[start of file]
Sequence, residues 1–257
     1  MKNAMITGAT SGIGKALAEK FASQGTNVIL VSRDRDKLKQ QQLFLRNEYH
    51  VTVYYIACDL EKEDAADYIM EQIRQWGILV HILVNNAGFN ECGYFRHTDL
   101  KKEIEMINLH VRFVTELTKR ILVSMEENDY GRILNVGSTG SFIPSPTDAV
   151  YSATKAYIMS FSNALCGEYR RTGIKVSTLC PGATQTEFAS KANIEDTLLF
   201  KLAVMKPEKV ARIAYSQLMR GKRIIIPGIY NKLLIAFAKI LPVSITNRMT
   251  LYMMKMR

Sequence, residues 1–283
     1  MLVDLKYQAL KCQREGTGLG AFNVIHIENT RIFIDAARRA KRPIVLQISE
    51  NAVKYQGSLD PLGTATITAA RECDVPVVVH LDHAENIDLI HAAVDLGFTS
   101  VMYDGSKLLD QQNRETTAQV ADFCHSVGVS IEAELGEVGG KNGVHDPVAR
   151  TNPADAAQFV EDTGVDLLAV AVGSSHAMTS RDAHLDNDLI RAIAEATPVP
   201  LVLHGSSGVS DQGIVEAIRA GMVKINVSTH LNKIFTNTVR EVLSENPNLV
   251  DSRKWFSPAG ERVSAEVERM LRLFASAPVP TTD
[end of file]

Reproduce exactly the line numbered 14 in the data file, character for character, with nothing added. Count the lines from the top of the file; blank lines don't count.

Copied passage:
   251  DSRKWFSPAG ERVSAEVERM LRLFASAPVP TTD